Mr. CONSTANDY. May I clarify something. You say from that date. That is not restricted to post office work?
Mr. AHART. No. This is Corps of Engineers. This document I am reading from is identified as ER 1180-1-1 change 2, dated July 6, 1970. And the basic part of it is as follows:
The following clause shall be included in all lump sum architect-engineer contracts: Where the services involved are primarily associated with the production of designs and specifications in the design of construction.
There is a heading, “Responsibility for Work,” paragraph (a). Notwithstanding, any review, approval, acceptance, or payment by the Government, the architect-engineer shall be responsible for the professional and technical accuracy of all designs, drawings, specifications, and other work or materials furnished under this contract, and shall, without additional cost or fee, correct or revise any errors or deficiencies in his performance.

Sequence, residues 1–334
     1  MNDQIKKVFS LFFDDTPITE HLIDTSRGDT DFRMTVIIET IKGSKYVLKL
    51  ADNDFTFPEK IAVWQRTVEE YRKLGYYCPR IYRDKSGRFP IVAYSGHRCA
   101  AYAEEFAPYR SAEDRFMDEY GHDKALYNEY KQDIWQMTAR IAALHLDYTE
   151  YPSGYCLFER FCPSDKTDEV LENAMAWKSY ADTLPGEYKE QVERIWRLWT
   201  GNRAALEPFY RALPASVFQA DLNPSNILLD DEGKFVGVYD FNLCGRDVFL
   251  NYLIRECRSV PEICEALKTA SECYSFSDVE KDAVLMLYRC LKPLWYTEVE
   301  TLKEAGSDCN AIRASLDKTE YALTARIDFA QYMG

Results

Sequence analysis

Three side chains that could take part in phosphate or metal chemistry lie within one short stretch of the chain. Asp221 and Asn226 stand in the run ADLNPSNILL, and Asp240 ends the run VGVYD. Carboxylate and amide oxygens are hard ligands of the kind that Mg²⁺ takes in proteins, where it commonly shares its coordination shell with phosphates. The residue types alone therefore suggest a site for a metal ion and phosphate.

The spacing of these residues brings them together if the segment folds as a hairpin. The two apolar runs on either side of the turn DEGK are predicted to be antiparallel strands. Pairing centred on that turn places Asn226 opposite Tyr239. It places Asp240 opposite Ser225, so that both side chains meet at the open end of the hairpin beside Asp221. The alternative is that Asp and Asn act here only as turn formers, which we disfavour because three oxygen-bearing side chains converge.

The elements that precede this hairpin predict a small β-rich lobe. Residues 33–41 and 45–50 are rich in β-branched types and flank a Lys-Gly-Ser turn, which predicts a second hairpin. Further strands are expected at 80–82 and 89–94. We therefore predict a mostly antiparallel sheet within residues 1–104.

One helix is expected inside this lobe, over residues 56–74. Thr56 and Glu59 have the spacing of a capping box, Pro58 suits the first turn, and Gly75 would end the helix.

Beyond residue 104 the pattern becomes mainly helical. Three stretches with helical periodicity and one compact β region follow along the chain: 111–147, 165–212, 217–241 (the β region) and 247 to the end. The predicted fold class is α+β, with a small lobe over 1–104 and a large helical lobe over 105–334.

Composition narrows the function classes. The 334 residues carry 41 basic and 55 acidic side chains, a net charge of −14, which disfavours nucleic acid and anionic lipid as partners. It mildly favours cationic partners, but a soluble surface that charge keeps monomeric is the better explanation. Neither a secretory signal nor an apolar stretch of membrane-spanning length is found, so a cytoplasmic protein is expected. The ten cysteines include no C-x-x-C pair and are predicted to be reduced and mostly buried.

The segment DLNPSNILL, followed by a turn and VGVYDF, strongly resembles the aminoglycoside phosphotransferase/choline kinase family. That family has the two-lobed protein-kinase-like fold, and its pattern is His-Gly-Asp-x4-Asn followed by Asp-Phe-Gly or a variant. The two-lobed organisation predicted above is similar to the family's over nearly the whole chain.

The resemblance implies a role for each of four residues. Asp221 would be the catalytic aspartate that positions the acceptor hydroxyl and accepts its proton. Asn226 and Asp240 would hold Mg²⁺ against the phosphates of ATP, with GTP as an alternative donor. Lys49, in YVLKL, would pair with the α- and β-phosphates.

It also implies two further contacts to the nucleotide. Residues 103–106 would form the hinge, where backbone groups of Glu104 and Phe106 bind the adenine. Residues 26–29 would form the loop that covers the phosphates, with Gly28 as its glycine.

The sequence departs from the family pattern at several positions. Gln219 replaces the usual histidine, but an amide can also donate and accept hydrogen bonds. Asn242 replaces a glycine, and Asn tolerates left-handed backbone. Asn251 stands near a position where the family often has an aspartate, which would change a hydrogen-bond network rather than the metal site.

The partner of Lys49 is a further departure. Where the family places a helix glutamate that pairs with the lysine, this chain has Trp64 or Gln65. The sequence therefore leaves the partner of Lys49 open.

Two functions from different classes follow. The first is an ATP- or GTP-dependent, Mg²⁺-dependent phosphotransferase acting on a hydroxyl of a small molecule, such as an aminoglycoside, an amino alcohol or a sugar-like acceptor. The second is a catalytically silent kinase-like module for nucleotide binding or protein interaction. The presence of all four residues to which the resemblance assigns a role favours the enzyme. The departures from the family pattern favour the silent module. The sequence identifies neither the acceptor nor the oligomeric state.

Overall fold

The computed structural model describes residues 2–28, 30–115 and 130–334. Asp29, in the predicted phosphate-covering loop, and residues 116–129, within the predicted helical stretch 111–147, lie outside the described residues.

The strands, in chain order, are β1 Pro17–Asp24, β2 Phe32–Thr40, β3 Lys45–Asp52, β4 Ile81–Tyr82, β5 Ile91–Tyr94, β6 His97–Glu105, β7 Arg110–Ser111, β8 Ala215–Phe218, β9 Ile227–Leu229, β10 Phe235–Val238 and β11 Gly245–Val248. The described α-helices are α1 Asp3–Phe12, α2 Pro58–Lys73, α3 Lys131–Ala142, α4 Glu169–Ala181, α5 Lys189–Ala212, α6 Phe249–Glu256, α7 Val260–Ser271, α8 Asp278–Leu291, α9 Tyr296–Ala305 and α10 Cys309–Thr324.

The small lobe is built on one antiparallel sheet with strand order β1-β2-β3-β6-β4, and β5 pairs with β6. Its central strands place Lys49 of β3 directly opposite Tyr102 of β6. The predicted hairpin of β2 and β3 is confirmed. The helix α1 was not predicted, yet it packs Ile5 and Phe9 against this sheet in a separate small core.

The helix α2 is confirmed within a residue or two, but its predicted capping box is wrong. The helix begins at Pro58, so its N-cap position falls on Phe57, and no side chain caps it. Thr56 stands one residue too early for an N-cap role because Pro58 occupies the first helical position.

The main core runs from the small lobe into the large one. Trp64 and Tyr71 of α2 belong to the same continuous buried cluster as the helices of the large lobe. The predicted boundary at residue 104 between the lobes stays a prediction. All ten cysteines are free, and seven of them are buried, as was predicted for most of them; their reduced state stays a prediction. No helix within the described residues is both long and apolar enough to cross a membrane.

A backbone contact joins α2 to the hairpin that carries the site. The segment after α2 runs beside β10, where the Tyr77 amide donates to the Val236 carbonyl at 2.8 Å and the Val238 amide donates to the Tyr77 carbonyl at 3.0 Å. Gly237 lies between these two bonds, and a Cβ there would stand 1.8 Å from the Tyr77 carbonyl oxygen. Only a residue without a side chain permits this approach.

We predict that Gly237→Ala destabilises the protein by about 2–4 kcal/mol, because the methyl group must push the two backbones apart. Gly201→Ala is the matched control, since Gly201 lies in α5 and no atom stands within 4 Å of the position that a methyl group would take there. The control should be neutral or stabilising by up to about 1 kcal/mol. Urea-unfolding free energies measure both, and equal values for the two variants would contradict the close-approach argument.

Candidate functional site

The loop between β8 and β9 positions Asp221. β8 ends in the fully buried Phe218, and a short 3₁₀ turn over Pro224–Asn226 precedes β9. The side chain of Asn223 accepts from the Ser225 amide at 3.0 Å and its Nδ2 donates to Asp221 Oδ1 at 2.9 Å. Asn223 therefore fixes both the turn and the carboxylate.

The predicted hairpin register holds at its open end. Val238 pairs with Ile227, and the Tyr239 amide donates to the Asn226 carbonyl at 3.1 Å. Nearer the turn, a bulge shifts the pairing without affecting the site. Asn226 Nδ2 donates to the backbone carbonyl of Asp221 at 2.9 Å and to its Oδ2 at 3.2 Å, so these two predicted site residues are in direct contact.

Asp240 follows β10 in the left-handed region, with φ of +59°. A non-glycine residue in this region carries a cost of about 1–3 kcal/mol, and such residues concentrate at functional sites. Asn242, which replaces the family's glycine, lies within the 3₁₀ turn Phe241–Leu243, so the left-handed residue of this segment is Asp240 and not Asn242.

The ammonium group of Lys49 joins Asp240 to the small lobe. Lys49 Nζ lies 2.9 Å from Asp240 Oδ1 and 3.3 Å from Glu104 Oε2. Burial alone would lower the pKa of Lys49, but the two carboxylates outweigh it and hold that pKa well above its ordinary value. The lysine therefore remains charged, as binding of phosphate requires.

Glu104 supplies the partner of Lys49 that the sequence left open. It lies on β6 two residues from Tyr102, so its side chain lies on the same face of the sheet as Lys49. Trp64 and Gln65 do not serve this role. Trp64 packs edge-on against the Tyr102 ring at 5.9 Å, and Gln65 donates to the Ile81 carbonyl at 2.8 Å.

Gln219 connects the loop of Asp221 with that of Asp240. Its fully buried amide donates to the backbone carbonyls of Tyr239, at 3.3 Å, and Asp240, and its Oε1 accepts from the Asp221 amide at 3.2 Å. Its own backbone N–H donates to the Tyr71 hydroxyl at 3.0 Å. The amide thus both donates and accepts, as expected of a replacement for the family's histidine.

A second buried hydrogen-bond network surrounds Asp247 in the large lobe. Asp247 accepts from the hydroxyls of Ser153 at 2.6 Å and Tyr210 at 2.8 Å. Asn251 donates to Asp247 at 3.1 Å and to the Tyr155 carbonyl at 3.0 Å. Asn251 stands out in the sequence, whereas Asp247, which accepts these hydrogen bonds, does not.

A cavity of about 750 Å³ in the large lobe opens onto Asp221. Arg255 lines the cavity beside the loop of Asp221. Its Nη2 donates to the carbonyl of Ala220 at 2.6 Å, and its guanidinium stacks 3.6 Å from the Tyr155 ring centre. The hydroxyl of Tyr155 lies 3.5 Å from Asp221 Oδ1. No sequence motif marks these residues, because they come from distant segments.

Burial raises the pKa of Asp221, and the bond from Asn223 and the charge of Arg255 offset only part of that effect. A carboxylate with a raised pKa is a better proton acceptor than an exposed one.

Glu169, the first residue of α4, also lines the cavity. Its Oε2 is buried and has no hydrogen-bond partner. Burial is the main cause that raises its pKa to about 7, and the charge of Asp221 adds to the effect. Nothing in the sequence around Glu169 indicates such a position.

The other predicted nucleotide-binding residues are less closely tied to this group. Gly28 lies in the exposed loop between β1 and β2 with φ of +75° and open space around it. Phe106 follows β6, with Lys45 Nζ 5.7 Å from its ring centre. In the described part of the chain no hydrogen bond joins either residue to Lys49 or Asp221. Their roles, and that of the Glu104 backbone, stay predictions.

Mr. CONSTANDY. Excuse me. Before you get paragraph (b), I want to ask this. Have they not always expected people to do that?
Mr. AHART. I might ask Mr. Zimmerman to comment more fully. It is my understanding that in some cases in the past, the corps has taken the product of architect-engineers in-house and revised it and corrected it and whatnot to some extent with their own personnel.
Mr. CONSTANDY. They incur that cost. Mr. AHART. That would be cost incurred by them. Mr. ZIMMERMAN. This was the information presented to us in a discussion with the corps district offices, that in the past they have done a lot of corrective work to A-E designs, which they now propose not to do on postal work. They expect the A-E design work for the postal work to be completed to a better degree than what they had in the past achieved on the military construction work.
Mr. CONSTANDY. Did they tell you what they based that on?